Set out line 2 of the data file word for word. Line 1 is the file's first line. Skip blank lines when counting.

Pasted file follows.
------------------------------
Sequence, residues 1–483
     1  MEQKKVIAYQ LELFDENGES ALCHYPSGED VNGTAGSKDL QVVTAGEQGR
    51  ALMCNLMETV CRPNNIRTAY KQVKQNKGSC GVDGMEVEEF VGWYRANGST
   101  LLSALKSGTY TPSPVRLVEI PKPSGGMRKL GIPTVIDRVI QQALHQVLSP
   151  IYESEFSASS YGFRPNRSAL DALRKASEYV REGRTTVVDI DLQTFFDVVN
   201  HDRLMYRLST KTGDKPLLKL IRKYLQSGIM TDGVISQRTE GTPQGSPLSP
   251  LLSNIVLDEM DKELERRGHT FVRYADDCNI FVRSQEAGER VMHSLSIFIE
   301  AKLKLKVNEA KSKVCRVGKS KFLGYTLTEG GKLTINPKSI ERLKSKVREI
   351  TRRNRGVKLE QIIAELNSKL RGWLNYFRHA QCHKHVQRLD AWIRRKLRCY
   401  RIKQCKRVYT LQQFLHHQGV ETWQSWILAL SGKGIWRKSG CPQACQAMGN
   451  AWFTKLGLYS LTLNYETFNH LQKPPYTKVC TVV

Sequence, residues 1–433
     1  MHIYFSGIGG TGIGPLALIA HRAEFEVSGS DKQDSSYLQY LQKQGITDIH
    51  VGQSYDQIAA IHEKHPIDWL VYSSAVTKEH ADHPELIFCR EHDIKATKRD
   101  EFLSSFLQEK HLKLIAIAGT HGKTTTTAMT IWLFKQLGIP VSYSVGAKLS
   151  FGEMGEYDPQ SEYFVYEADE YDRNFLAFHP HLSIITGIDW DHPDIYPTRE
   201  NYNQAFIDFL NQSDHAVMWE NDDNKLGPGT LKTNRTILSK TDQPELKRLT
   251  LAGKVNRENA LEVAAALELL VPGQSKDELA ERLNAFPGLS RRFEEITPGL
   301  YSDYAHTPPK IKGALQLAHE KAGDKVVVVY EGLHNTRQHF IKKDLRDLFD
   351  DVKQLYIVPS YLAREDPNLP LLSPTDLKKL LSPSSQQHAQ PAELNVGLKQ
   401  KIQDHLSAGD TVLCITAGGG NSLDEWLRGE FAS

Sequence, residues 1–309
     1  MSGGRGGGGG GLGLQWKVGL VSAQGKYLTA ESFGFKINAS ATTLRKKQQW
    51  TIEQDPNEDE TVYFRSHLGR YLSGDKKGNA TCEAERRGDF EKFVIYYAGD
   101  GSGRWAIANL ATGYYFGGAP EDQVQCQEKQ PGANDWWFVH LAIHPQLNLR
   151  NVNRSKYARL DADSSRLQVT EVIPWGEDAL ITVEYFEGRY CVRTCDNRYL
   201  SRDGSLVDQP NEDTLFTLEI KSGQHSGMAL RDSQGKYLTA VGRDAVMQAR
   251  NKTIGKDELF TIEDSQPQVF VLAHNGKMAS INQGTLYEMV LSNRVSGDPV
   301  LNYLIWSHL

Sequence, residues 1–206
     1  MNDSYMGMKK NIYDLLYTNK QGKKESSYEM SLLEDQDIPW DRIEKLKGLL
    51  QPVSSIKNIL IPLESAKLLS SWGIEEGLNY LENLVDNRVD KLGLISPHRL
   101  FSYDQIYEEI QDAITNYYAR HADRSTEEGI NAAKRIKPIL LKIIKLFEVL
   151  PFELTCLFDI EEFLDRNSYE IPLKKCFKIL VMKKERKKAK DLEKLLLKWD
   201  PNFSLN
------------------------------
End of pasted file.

     1  MEQKKVIAYQ LELFDENGES ALCHYPSGED VNGTAGSKDL QVVTAGEQGR